Tuesday 21 May 2013

Where my GMOs at?

It's been five days since I've arrived in Mwanza, Tanzania. The flight was brutally long and consisted of multiple flight transfers, an excess amount of almost-inedible plane food, several misadventures in Amsterdam and gorgeous Dutch guys.

Oh, and there was also some great architecture. 

Your eyes don't deceive you, those buildings are actually slanted.
I was lucky enough to have a layover in Kilimanjaro and we got to see the mountain. It was a sight to behold.
That's my plane with the mountain ranges of Kilimanjaro in the background
 There's so many things to write about life in Tanzania but I'm going to keep it (hopefully) simple.

People: The people I see on a daily basis are Emily and Shannan. They're my roommates in the apartment and they're both pretty awesome! There are also people that I work with at the APYN office (African Probiotic Yoghurt Network) and they're really welcoming and kind. The general populous of Tanzania is an amalgamation of people. Most of the people that I meet are friendly. However, the street children are intimidating as they pursue you for money, and they're often addicted to drugs. I saw a street child eating styrofoam (for reasons still unknown), true story. The men on the streets that passby usually make any noises so that you'll pay attention to them. It's disorienting to see such a lack of diversity. Growing up in Mississauga (hello to all you Mississaugans reading this), made me accustomed to always seeing people of different races and backgrounds.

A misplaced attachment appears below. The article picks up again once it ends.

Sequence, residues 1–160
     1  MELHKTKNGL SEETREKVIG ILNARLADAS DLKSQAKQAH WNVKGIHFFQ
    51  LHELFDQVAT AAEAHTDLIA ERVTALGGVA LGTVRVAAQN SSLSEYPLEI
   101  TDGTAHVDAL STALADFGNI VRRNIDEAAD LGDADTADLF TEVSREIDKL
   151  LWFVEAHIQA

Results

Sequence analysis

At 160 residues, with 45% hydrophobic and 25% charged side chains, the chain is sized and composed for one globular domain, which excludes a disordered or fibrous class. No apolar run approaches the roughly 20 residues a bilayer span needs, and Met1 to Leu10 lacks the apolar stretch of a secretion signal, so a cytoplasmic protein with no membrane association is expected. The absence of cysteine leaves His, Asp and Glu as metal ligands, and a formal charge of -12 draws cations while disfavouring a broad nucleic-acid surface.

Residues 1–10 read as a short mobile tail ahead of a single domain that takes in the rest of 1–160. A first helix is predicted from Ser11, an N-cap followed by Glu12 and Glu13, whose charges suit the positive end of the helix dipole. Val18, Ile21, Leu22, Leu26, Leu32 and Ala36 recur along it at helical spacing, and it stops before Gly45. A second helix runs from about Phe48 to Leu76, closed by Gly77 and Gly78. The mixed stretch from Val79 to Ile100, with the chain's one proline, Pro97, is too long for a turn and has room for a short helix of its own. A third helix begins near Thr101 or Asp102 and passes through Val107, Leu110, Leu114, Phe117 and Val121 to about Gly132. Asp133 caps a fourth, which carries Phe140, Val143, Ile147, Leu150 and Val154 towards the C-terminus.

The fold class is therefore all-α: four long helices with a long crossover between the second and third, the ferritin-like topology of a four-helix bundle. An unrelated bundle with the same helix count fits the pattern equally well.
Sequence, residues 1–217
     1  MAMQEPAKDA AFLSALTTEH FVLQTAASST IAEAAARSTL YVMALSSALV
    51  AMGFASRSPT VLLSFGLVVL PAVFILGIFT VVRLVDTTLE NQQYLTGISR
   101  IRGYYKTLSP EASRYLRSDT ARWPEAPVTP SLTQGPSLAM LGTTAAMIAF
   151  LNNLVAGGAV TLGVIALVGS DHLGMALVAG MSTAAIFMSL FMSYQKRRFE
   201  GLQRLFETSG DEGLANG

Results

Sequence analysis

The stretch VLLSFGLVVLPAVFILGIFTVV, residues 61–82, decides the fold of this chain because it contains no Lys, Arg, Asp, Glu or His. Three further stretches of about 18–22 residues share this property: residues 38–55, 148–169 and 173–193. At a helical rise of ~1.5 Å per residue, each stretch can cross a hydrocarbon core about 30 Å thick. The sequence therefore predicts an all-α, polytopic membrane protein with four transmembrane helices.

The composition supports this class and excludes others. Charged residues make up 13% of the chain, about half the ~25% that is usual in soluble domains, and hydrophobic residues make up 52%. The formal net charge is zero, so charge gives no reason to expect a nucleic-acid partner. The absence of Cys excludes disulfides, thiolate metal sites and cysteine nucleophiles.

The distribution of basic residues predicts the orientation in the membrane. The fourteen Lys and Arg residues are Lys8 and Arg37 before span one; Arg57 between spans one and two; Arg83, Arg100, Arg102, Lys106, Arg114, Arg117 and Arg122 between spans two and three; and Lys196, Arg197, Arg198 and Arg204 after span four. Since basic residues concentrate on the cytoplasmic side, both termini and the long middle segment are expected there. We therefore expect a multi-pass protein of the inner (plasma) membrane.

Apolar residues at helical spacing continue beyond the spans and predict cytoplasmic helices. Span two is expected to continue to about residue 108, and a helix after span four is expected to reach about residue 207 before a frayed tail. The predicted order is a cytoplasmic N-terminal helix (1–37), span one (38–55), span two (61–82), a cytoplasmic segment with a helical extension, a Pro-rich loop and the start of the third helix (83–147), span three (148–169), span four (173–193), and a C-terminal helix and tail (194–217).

Food: There's always Indian food easily accessible anywhere in Mwanza. This is a good thing because I absolutely adore Indian food. I'm not too sure what is considered "Tanzanian" food but I've had mattoke which is made of plantains in some kind of beef broth, which pretty much tastes like potatoes in beef broth. There are street vendors that sell chipsi (some kind of potato-thingamajig) and kebabs but I think I'll wait till my stomach gets accustomed to Africa first to try those. Also, regarding the title, it's weird to eat fruit that has not been seriously genetically modified. I've eaten oranges and watermelon, which still have seeds. There's no waxy sheen on the fruits and they don't look like they've been pumped with hormones.

Language: Behaving in a stereotypical Canadian manner, the two most popular words that I use are asante (thank you) and pole (sorry). It's a slow process to learn Swahili and I keep promising myself that I'll dedicate some nights to learning it but that hasn't happened yet.

I swear I'm not being lazy (even though the following pictures seem to contradict that)! This was the day after I arrived (a Saturday) so Emily took me to Hotel Tilapia, which is a popular hotel in Mwanza for tourists. I couldn't stop looking at the scenery because it was so beautiful. We ate gluttonously, we lounged and we swam by the pool (ok, I admit, I was a little bit lazy).

A view of Mwanza from Hotel Tilapia (photocreds to Emily)
I think the next several days will fly by as I try and integrate myself into the NIMR (the lab I'll be working at) and APYN community.

Till next time,